Researchers from Rice University (TX, USA) have developed a 4D printing method to produce objects capable of changing shape in response to temperature changes, electric current or stress that could have applications in 4D printing implants.
Researchers from Rice University (TX, USA) have developed a 4D printing method to produce objects capable of ‘shapshifting’ in response to temperature changes, electric current or stress in research that could lead to 4D printing implants.
Described in ACS Applied Materials and Interfaces, the technique is referred to as ‘reactive 4D printing’ and is reported to have potential applications in biomedical implants. Having originally reported the ability to develop morphing structures, the team has now overcome a major limitation, decoupling the printing process from shaping.
Rafael Verduzco, Associate Professor in the Department of Chemical and Biomolecular Engineering at Rice University, explained:
“These materials, once fabricated, will change shape autonomously. We needed a method to control and define this shape change. Our simple idea was to use multiple reactions in sequence to print the material and then dictate how it would change shape. Rather than trying to do this all in one step, our approach gives more flexibility in controlling the initial and final shapes and also allows us to print complex structures.”
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The main challenge for the team was to create a printable liquid crystal polymer, incorporating mutually exclusive sets of inter-molecule chemical links. One set would provide integrity to the original printed shape, whereas the other set would be capable of physically manipulated after the printing process. The links are then ‘locked in’ by curing the alternate form under UV light.
When the two different forms have set, the material is capable of transforming between the two forms in response to a stimulus, for example, when heat is applied or when the object is cooled.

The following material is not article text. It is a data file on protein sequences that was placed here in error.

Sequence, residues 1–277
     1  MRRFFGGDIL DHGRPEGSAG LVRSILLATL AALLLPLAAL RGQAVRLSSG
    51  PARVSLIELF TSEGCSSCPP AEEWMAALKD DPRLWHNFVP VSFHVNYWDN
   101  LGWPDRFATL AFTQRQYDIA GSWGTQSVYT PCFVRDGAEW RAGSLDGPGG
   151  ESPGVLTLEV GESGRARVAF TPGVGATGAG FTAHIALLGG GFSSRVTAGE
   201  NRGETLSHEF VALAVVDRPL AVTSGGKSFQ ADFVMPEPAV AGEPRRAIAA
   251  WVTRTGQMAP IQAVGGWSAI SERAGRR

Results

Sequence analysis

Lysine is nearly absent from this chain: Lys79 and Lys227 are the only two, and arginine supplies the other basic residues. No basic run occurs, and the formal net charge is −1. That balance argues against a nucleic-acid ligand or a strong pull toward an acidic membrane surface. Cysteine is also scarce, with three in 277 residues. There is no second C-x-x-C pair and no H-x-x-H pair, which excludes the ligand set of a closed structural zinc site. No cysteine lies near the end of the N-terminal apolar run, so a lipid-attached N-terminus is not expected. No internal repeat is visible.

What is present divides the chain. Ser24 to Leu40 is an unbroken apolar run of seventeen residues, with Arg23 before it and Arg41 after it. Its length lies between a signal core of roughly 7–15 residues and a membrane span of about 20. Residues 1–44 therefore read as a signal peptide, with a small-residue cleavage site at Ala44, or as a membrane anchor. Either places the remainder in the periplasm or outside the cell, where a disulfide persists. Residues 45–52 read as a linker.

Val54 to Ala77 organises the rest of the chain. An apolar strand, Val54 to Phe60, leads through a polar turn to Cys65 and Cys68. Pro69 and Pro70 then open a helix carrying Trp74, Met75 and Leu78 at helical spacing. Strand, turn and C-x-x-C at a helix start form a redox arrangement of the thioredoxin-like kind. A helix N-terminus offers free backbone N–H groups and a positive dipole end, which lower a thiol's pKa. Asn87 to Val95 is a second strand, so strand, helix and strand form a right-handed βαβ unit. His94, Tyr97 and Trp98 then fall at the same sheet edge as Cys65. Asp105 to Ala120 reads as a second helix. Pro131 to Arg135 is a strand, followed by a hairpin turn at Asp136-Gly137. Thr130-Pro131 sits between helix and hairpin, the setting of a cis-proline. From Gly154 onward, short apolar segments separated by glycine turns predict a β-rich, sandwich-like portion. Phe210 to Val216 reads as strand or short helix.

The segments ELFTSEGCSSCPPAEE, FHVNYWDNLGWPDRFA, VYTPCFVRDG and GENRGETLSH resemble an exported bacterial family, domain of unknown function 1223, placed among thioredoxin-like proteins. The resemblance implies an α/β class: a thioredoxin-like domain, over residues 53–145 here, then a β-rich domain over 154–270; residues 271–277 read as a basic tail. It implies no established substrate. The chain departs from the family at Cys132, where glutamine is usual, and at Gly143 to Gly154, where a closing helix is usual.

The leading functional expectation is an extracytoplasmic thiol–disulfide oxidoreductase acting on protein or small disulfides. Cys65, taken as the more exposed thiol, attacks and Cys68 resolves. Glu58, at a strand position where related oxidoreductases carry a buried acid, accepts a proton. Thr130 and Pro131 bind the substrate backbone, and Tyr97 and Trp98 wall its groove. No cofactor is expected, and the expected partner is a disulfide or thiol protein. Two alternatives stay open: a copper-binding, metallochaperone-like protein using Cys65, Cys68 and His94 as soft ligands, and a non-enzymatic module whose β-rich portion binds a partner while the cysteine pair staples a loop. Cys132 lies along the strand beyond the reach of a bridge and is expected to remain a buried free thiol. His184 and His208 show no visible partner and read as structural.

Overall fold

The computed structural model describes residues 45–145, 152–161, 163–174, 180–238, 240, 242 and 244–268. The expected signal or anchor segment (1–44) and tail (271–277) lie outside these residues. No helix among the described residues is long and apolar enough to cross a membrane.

“There were a lot of parameters we had to optimize – from the solvents and catalyst used, to degree of swelling and ink formula – to allow the ink to solidify rapidly enough to print while not inhibiting the desired final shape actuation,” Graduate Student, Morgan Barnes (Rice University) explained.
“Future work will further optimize the printing formula and use scaffold-assisted printing techniques to create actuators that transition between two different complex shapes. This opens the door to printing soft robotics that could swim like a jellyfish, jump like a cricket or transport liquids like the heart,” Barnes concluded.
Source: Barnes M, Sajadi S, Parekh S, Rahman MM, Ajayan PM, Verduzco R. Reactive 3D printing of shape programmable liquid crystal elastomer actuators. ACS Appl. Mater. Interfaces. doi: 10.1021/acsami.0c07331 (2020) (Epub ahead of print); https://news.rice.edu/2020/06/09/lab-makes-4d-printing-more-practical/
Lead image: Shapeshifting materials produced at Rice University (TX, USA) with a 3D printer morph from their original form to an alternate through changes in temperature, electric current or stress. This example shows how one printed configuration can be programmed to take various shapes. Credit: Verduzco Laboratory/Rice University